Like most startups using perl, blekko began in 2007 using the perl that shipped with the Linux distro that we were using -- 5.8.8. Over the years, as our search engine and homegrown NoSQL database crawled towards a million lines of code, this ageing perl version frequently made us sad. We finally bit the bullet earlier this year, and here are the top 7 things we learned:
- Upgrading is a good opportunity to review your test coverage!
- Watch out for dual-life modules. We had upgraded quite a few, but to versions older than the ones shipped with 5.16. After running into a few unnecessary bugs, we removed all of downgraded modules.
- Expect bugs when you update lots of CPAN distros - we use 400 of them. For example, BSD::Resource::getrlimit stopped returning a hashref in scalar context between 1.28 and 1.2904. Who knew?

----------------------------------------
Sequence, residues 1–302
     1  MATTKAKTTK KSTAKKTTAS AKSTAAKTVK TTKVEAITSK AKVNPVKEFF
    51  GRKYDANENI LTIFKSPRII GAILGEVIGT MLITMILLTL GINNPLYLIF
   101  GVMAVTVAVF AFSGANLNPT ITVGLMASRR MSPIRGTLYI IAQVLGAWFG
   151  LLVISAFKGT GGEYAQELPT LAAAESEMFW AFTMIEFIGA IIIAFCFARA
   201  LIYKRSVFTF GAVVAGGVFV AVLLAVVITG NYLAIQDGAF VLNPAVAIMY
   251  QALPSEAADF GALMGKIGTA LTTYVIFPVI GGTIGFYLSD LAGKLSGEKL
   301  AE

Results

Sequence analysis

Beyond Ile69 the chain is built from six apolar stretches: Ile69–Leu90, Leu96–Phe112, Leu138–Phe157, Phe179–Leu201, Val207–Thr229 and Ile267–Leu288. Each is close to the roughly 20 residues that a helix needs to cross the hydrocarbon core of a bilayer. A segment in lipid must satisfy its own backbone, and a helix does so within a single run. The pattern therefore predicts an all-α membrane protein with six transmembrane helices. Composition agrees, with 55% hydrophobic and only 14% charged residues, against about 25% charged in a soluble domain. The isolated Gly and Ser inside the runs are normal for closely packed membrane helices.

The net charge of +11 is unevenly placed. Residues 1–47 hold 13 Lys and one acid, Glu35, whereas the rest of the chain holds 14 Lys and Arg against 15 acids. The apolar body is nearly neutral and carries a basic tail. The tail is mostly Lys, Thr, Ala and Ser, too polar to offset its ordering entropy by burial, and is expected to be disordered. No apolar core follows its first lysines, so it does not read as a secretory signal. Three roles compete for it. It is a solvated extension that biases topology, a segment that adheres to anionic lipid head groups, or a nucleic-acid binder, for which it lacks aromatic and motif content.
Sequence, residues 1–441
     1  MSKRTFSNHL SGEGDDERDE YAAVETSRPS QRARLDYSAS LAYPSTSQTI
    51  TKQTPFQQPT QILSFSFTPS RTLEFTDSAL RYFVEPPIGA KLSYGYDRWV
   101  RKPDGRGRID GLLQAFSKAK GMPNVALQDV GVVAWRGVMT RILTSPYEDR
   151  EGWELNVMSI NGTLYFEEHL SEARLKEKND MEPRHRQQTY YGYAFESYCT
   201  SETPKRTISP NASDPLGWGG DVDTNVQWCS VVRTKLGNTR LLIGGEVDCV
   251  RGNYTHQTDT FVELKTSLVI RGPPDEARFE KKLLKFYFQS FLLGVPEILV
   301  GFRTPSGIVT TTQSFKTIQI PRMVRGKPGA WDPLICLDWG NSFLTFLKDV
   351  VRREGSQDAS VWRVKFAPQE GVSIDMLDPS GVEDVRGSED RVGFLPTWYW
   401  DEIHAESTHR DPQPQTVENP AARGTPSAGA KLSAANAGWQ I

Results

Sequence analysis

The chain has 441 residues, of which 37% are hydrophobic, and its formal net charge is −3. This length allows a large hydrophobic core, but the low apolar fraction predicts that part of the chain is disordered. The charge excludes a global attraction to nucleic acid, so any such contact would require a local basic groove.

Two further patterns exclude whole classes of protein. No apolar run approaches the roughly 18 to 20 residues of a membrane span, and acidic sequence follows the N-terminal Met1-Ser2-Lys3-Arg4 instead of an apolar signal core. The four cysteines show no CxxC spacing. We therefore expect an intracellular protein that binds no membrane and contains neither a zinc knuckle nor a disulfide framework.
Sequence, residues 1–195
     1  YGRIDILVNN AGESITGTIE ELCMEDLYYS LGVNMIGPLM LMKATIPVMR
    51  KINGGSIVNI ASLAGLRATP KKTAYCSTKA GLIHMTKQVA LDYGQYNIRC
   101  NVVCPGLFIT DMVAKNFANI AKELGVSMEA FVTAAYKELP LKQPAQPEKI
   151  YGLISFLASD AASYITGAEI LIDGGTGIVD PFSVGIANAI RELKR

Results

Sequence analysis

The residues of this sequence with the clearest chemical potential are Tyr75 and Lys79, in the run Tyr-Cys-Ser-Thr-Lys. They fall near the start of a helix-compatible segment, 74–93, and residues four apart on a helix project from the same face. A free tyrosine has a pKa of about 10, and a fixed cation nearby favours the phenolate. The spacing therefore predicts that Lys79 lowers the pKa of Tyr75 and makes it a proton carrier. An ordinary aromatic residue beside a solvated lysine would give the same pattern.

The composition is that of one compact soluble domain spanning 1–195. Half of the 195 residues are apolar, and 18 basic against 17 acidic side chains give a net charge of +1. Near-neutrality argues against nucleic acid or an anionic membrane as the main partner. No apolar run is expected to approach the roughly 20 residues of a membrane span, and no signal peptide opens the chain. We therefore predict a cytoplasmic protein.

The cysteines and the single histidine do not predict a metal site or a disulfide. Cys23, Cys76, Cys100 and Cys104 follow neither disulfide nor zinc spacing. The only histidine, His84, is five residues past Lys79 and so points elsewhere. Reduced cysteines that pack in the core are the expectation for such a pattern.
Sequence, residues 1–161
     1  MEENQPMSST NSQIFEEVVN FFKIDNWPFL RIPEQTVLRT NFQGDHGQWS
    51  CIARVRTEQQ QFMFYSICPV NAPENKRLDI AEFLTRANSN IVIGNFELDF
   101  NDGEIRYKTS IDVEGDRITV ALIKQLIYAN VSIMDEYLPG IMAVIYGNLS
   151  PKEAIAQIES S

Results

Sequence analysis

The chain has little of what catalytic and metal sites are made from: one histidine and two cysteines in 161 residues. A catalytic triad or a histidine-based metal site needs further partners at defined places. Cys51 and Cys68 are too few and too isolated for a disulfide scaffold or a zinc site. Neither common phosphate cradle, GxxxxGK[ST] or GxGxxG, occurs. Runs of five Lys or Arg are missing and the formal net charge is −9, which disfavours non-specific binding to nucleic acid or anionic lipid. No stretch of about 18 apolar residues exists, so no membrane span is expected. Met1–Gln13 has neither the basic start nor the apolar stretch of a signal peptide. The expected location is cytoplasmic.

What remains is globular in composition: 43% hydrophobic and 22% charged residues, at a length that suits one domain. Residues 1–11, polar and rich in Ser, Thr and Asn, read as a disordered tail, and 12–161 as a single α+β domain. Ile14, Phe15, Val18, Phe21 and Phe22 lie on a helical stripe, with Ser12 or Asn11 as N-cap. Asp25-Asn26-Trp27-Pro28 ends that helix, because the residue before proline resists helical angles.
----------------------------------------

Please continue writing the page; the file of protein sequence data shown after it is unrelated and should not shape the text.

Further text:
- Rerun all of your XS memory leak tests. (I'm hoping that Devel::SizeMe is really going to help us find the rest of the bugs in our XS memory management.)
- Read the release notes. We found the comment about moving to SvUPGRADE from sv_upgrade to be very useful; it fixed a few long-standing bugs in our codebase.
- All your hacks will haunt you. In 5.16, failed "requires" stay in %INC, which caused indigestion to our Map/Reduce system, which pickles up code to send it to run where the data is.
- Don't forget to send out advice to your colleagues. We forgot to tell people not to use smart match or given/when... fortunately the cleanup wasn't too bad.
Right after 5.18 came out, we spent a few days working on it, and managed to come up with our first bug ever against a very recent perl: Bug #118159, where the value of truth for SVs with wildly different string and integer values behaved different from before. It was a recent accidental change, and was reverted. It was very exciting to contribute (even in a small way) to perl development at the tip!
(This material was part of my talk at YAPC::NA 2013. Oh, and a month later, we updated everything to perl 5.18 - it's good to be at the tip!)